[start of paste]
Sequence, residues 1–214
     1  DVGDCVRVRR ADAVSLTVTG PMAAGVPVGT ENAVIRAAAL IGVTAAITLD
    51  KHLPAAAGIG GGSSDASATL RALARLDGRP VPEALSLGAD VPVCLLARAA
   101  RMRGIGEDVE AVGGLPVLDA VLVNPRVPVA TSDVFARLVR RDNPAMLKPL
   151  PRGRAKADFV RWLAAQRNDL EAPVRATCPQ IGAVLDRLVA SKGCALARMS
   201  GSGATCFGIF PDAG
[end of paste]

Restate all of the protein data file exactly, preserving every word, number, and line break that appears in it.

Sequence, residues 1–214
     1  DVGDCVRVRR ADAVSLTVTG PMAAGVPVGT ENAVIRAAAL IGVTAAITLD
    51  KHLPAAAGIG GGSSDASATL RALARLDGRP VPEALSLGAD VPVCLLARAA
   101  RMRGIGEDVE AVGGLPVLDA VLVNPRVPVA TSDVFARLVR RDNPAMLKPL
   151  PRGRAKADFV RWLAAQRNDL EAPVRATCPQ IGAVLDRLVA SKGCALARMS
   201  GSGATCFGIF PDAG